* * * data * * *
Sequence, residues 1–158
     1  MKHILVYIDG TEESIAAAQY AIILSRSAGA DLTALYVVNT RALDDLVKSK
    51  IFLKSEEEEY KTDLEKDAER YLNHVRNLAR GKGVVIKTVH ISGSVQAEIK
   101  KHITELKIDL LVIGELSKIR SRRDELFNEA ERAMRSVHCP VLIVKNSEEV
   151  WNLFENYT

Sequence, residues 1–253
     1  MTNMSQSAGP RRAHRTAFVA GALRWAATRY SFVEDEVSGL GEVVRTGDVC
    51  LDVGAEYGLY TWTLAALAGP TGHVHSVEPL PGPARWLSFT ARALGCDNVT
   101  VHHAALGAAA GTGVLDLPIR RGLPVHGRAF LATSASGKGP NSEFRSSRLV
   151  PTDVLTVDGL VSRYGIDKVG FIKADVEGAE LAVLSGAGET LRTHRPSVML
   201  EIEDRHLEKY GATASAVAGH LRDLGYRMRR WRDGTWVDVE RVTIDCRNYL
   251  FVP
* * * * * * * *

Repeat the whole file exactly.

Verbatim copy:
Sequence, residues 1–158
     1  MKHILVYIDG TEESIAAAQY AIILSRSAGA DLTALYVVNT RALDDLVKSK
    51  IFLKSEEEEY KTDLEKDAER YLNHVRNLAR GKGVVIKTVH ISGSVQAEIK
   101  KHITELKIDL LVIGELSKIR SRRDELFNEA ERAMRSVHCP VLIVKNSEEV
   151  WNLFENYT

Sequence, residues 1–253
     1  MTNMSQSAGP RRAHRTAFVA GALRWAATRY SFVEDEVSGL GEVVRTGDVC
    51  LDVGAEYGLY TWTLAALAGP TGHVHSVEPL PGPARWLSFT ARALGCDNVT
   101  VHHAALGAAA GTGVLDLPIR RGLPVHGRAF LATSASGKGP NSEFRSSRLV
   151  PTDVLTVDGL VSRYGIDKVG FIKADVEGAE LAVLSGAGET LRTHRPSVML
   201  EIEDRHLEKY GATASAVAGH LRDLGYRMRR WRDGTWVDVE RVTIDCRNYL
   251  FVP